Is Your Real Estate Team Violating Federal Law?


real estate team

We are all familiar with the idea of a real estate team. These groups of several or more agents provide efficient and coordinated real estate services to clients. Many teams hire personnel (licensed or unlicensed) that handle various phases of a transaction. Anything from marketing to showing. They also act as the transaction facilitator or the closing coordinator. One question surfaces about these teams. Are these team members independent contractors or employees under federal law? If considered employees, the brokerage and real estate team members can be personally liable for violations of federal minimum wage and overtime laws.

Wage and hour litigation in the real estate industry has exploded over the last five years.  This exposes professionals to double damages and attorney’s fees for violations. In most instances, the litigation can be debilitating and result in the closure of the brokerage and financial ruin. Because teams oftentimes hire their own personnel, they may be running afoul of federal law and exposing both their brokerage and themselves to liability.

There are strategies to avoid wage an hour litigation. First, you must determine whether your team personnel are employees or independent contractors. Pursuant to the U.S. Department of Labor (DOL) Fact Sheet #13, under the Fair Labor Standards Act (FLSA), workers who are economically dependent on the business of the employer, regardless of skill level, are considered employees. Independent contractors are workers with economic independence who are in business for themselves.

Whether a worker is an employee or an independent contractor is determined, largely, on a case by case basis. But, the DOL has provided some factors for consideration:

  1. The extent to which the work performed is an integral part of the employer’s business. Does the worker provide a service that the employer is in business to provide (i.e. marketing, contract facilitation or closing services)? If so, the worker is likely an employee.
  2. Do the worker’s managerial skills affect his or her opportunity for profit and loss. Does the worker supervise other workers? Does the manager’s success increase the worker’s opportunity for profit? If the worker’s supervision and management directly impact profit or loss, the worker is likely an employee.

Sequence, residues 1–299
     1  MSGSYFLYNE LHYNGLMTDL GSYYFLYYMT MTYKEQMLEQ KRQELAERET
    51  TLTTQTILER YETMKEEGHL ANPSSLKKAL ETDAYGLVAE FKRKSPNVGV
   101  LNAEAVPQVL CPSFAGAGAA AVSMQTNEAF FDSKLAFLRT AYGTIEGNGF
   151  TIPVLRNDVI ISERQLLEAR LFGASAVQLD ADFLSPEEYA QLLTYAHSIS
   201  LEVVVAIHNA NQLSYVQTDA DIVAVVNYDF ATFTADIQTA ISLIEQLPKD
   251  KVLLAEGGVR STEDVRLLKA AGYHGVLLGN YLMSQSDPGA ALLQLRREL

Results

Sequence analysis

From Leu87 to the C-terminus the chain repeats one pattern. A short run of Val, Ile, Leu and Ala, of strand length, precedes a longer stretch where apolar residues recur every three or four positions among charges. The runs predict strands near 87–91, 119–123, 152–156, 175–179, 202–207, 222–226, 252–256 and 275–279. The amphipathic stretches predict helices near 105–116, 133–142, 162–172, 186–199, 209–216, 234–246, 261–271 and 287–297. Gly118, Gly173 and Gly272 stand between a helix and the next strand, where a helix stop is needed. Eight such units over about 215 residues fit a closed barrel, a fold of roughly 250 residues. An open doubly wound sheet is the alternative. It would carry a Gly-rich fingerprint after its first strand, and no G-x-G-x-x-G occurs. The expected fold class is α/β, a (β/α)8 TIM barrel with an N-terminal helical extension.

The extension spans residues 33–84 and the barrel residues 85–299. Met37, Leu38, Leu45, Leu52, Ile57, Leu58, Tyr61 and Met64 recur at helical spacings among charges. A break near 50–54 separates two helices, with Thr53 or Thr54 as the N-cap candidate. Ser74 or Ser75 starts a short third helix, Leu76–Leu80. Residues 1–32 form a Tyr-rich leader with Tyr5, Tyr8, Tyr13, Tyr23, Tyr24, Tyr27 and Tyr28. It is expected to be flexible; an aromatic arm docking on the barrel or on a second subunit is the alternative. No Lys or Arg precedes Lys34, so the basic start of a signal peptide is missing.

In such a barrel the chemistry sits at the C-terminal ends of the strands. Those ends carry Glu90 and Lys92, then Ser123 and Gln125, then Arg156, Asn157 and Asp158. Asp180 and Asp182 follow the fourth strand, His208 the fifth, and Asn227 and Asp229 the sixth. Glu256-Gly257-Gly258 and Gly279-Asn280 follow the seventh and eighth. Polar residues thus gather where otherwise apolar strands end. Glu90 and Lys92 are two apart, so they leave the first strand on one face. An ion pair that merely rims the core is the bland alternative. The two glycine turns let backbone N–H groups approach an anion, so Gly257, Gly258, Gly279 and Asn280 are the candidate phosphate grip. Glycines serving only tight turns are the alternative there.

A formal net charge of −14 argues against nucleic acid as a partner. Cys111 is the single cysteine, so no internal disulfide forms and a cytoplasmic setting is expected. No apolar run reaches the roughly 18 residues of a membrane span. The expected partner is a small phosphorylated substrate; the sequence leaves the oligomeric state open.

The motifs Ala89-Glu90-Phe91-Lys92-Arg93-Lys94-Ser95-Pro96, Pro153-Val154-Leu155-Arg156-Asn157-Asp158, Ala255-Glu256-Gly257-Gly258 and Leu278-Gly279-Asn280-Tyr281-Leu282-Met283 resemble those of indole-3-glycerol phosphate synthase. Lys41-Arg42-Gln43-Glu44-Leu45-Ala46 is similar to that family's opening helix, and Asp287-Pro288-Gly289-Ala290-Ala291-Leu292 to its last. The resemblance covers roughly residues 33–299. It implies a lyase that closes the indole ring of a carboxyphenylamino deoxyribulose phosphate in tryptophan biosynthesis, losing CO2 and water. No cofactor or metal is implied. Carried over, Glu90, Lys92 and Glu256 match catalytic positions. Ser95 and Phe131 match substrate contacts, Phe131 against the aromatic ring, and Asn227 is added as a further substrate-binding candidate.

3. The relative investments in facilities and equipment by the worker and the employer. Has the worker made an investment in the business (comparable to employer’s investment) or provided their own tools and equipment? If the worker and employer are investing and sharing the risk of loss, then the worker is likely an independent contractor.
  4. The worker’s skill and initiative. To be an independent contractor, the worker’s skill should demonstrate that he/she exercises independent business judgment. Do you require real estate team members to use certain software or attend mandatory weekly meetings? Does the worker have assigned duties, like attending open houses or managing all team marketing? Does the worker take the initiative to operate the business or does the worker take direction from other team members? If the worker is dependent on the employer for instruction and assignments, the worker is likely an employee.
  5. The permanency of the worker’s relationship with the employer. Permanency suggests the worker is an employee.
  6. The nature and degree of control by the employer. Who sets the pay amounts, work hours and how the work is performed. If the employer does, the worker is likely an employee. An independent contractor works free from control of the employer or the employer’s clients.

Some factors are not relevant in determining a worker’s status. Such as, whether the worker works from home, whether they’ve signed a contract, or whether their job title has a particular label. Courts will look to the worker’s duties and the relationship with the employer in evaluating whether the worker is indeed an independent contractor or employee.

If you have identified some of your team members as employees, you next need to evaluate whether their compensation is compliant with the FLSA. Under the FLSA, an employee must be paid the federal minimum wage per hour and overtime for any hours in excess of 40 hours per week. Because exempt workers are not entitled to overtime pay, it is important to make sure your employees are correctly classified. Generally, if an employee is an executive, they are exempt from overtime. Qualifying executive factors include managing two or more full-time employees, having authority to hire/fire employees, and be paid an annual salary. More information about exempt employees and recordkeeping requirements can be found at the DOL website.

The consequences of violating DOL rules are significant to any team. There have been many large payouts only within the last 5 years. ZipRealty in California settled a DOL case for $4.8 million in unpaid wages. Coldwell Banker paid $4.5 million to thousands of California real estate agents. There’s a pending settlement with Redfin; accused of misclassifying employees as independent contractors. If you believe a team member may be misclassified as independent contractors rather than employees, consult with an employment lawyer. They can aid you in navigating the best business practices for your real estate team.

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